$5.25 – $17.25
A relative of Lemon Verbena. Similar to Mediterranean oregano, though more citrusy with a hint of mild licorice. Use in Latin American dishes and Southwestern cuisine with Chile Peppers, Cumin, and Paprika.
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Aji Amarillo Chile Pepper$5.00 – $20.50
Popular in Peruvian & Bolivian cooking. Add to rice before cooking. Mix with minced red onion & vinegar as condiment. Add to root veggies, salsa, stews, seafood dishes & sauces. Rehydrate whole dried peppers in boiling water (~ 20 min) to make paste.
Rose Petal$4.75 – $11.00
Defining a rose as anything more than as itself was beyond Gertrude Stein, and we will not try to embarrass ourselves in the attempt.
A Rose is a Rose. Roses & other flowers have been used as flavorings for millennia across many cultures. In teas and tisanes, roses have long been considered a cure-all. This history, along with its delicate floral flavor and lovely color, made it particularly popular during the Victorian era.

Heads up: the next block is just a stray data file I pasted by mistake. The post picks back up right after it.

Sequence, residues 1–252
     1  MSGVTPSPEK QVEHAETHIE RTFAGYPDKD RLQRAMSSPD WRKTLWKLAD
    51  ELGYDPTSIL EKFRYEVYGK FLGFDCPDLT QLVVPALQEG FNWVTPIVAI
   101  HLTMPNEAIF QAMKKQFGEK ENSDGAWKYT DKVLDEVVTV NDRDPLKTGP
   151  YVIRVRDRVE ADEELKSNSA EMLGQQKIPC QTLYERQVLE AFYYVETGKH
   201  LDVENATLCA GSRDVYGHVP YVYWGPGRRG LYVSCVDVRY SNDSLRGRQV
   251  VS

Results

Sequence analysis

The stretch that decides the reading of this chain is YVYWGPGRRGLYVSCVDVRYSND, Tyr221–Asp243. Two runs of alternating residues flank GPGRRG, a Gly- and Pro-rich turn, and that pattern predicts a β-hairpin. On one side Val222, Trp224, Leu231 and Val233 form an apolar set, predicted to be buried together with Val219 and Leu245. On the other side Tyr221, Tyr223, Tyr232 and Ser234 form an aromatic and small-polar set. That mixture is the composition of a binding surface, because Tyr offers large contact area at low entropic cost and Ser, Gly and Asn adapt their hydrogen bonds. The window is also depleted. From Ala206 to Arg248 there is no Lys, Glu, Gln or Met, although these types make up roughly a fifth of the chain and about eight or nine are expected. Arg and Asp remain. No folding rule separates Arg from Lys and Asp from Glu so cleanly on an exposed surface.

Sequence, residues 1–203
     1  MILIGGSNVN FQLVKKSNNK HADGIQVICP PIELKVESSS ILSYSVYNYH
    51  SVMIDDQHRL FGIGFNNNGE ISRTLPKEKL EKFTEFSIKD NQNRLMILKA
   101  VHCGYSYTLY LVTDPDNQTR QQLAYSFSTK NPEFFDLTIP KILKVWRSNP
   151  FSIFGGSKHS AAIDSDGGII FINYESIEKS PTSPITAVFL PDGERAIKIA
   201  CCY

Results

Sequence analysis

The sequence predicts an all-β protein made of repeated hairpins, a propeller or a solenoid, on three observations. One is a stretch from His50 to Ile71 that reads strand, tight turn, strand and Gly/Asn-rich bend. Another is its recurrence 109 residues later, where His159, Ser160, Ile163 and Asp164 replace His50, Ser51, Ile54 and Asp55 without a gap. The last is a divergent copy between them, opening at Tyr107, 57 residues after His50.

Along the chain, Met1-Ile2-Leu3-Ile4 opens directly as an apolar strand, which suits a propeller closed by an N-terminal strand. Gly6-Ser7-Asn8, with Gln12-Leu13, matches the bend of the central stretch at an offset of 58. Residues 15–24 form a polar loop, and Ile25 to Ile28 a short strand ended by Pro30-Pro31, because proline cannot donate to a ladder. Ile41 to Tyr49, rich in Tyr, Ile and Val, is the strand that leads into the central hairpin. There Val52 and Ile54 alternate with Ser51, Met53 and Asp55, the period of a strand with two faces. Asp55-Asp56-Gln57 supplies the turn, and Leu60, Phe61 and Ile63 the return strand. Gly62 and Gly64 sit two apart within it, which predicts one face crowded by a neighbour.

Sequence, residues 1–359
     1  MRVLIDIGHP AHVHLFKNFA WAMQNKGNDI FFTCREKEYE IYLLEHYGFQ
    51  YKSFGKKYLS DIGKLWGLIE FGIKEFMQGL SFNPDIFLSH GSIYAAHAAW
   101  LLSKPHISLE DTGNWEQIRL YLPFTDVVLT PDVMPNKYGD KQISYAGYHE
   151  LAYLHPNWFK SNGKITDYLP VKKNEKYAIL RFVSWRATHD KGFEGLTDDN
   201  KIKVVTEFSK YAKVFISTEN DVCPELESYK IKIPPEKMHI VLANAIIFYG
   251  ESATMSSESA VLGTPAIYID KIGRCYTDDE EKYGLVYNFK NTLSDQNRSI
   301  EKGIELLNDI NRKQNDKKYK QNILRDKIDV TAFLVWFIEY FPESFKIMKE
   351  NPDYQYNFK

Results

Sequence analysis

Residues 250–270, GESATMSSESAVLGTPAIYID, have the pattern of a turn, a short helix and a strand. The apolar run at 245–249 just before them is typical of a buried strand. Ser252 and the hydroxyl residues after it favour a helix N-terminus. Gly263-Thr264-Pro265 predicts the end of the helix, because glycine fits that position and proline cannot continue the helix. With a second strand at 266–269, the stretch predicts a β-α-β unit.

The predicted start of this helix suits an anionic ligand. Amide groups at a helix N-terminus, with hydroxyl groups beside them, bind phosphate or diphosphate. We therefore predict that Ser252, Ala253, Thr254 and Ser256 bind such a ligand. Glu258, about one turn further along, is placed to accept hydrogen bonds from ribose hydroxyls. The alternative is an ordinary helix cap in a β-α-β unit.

Peppermint$5.00 – $6.50
In Greek mythology, the nymph Minthe was turned into the sweet bush for Persephone. Valued as the herb of hospitality and for medicinal purposes, Romans spread it throughout Europe. American colonists also used mint as an untaxed tea.
Use on meats (especially lamb), chilled soups, stews, casseroles, new potatoes and rice. Mix with garlic and cream cheese for a dip. Try sprinkling on yogurt, fresh fruits or ice cream for a gourmet touch. [Peppermint]
Marjoram$5.00 – $15.00
Marjoram is known to represent joy. In ancient Greece and Rome, wreaths of marjoram crowned newly married couples to bring them love, honor and happiness. In the Middle Ages, it was carried at weddings and displayed in bouquets.
Marjoram, cousin to Oregano, is similar in flavor but more delicate. The dried leaves are light to the touch and mild in taste. Uses: omelets & cheese dishes, beef, veal, lamb, patés, poultry, stews, soups, veggies, pasta and salads. [Marjoram]
Cumin$6.00 – $20.50
Native to the Mediterranean and South Asia, Cumin is also a signature flavor for Central American and European cuisines. As a symbol of love and fidelity during the Middle Ages, wedding guests carried Cumin in their pockets, and wives of soldiers added it to baked bread for their husbands. Our Cumin is hand harvested, and has a high percentage of essential oils, delivering more powerful aromatics, and a slightly astringent, citrusy quality.